There has been focus on controlling super intelligent artificial intelligence, however we currently can't even control our un-agenty computers without having to resort to formatting and other large scale interventions.
Solving the normal computer control problem might help us solve the super intelligence control problem or allow us to work towards safe intelligence augmentation.
We cannot currently keep our computers doing what we want easily. They can get infected with malware, compromised or they get updates that may be buggy. If you have sufficient expertise you can go in and fix the problem or wipe the system, but this is not ideal.
We do not have control our computers, without resorting to out of band manipulation.
Genes have found a way to control the reptilian brain and also the more powerful mammalian and human brains, somewhat, as discussed in the control problem has already been solved. And the system continues to run, our brains aren't reformatted when we get bad behaviours. Let us call this the normal computer control problem. We don't know how the genes do it, but humans tend to do what they would want (if they wanted things!) despite our flexibility. There is some control there.
This problem of control has been neglected by traditional AI as there it is not trying to solve a cognitive problem. It is not like solving chess or learning to recognize faces. It is not making anything powerful, it is just weeding out the bad programs.
Comparing the normal computer control and AI control problem
The AI control problem has been defined as asking the question
What prior precautions can the programmers take to successfully prevent the superintelligence from catastrophically misbehaving?
In this language the normal computer control problem can be defined as.
What type of automated system can we implement to stop a normal general purpose computer system misbehaving (and carry on with its good behaviour ) if it has a malign program in it.
To make the differences explicit:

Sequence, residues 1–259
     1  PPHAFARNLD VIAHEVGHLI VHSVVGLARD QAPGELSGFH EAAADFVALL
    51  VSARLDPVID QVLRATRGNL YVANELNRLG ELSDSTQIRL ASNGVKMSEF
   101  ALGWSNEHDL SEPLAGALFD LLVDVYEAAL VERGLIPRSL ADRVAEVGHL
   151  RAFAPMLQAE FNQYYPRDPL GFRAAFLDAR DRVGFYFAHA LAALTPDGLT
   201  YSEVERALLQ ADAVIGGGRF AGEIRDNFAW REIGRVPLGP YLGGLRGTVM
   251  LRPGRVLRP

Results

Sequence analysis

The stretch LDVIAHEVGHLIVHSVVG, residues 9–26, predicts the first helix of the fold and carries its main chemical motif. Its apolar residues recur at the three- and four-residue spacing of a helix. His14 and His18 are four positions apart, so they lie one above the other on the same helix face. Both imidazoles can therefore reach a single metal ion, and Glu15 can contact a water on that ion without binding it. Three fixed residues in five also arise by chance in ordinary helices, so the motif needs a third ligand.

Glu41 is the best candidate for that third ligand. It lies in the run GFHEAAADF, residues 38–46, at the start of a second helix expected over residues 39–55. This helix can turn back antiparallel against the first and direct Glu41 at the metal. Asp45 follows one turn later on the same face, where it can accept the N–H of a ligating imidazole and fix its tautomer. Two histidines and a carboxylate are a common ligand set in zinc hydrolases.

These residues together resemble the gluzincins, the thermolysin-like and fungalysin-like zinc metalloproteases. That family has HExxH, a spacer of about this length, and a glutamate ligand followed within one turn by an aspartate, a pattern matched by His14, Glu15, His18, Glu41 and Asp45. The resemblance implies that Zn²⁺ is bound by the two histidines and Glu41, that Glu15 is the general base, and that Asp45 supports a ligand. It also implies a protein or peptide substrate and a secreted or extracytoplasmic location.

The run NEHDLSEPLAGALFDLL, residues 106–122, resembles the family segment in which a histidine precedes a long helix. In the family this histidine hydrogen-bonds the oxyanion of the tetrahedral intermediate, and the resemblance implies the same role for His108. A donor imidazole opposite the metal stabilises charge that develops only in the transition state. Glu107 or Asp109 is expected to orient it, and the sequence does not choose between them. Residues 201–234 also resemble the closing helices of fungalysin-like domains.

- The normal control problem assumes a system with multiple programs some good, some bad
- The normal control problem assumes that there is no specific agency in the programs (especially not super-intelligent agency)
- The normal control problem allows minor misbehaviour, but that it should not persist over time
These make the problem more amenable to study. These sorts of systems can be seen in animals. They will stop pursuing behaviours that are malign to themselves. If a horse unknowingly walks into an electric fence whilst it was trying to get to an apple, they will stop trying to walk in that direction. This is operant conditioning, but it has not been applied to a whole computer system with arbitrary programs in.
Imagine being able to remove malware from a normal computer system by training that system. That is what I am looking to produce.
This might not be the right problem definition to help us understand what is going on the control done in brains. But I think it is precise and novel enough to form one of the initially research pathways. Ideally we should have a diverse community around this problem one that includes neuroscientists, psychologists and other relevant scientists. We would also have charitable organisations like the ones trying to solve the super intelligence control problem. All this would maximize the chance that the right question was being attempted to be answered.
Should we study the normal computer control problem?
I'm not going to try and argue that this is more important that super-intelligence work. Such things are probably unknowable until after the fact. But just that it is a more tractable problem to try and solve and might have insights useful for the super-intelligence work.
But as ever with the future there are trade-offs for doing this work.
- It might help solve the super intelligence control problem, by providing inspiration or allowing people to show exactly where it go wrong in the super intelligence side of things.
- it might be the best that we can do towards the control problem, along with good training at (if formal proofs to do with values aren't helpful for control)
- We have can use science on brains in general, to give us inspiration on how this might work.
- It can be more experimental and less theoretical than current work.
- It might help with intelligence augmentation work (maybe a Con, depending upon pre-conceptions).
- if deployed widely it might lead to computation being harder to control by malicious actors. This would making taking over the internet harder (ameliorating one take off scenario).
- it could grow the pool of people that have heard of the control problem
- my current hypothesis is that the programs within my current system aren't bound to maximise utility so do not suffer from some of the failure modes associated with normal utility maximisation.
- It might speed up AI work (however it is not AI in itself, there is no set of problems it is trying to solve). It would speed up AI work by giving a common platform to work from.
- it might distract from the large scale super intelligence problem
So having said all that: Is anyone with me in trying to solve this problem?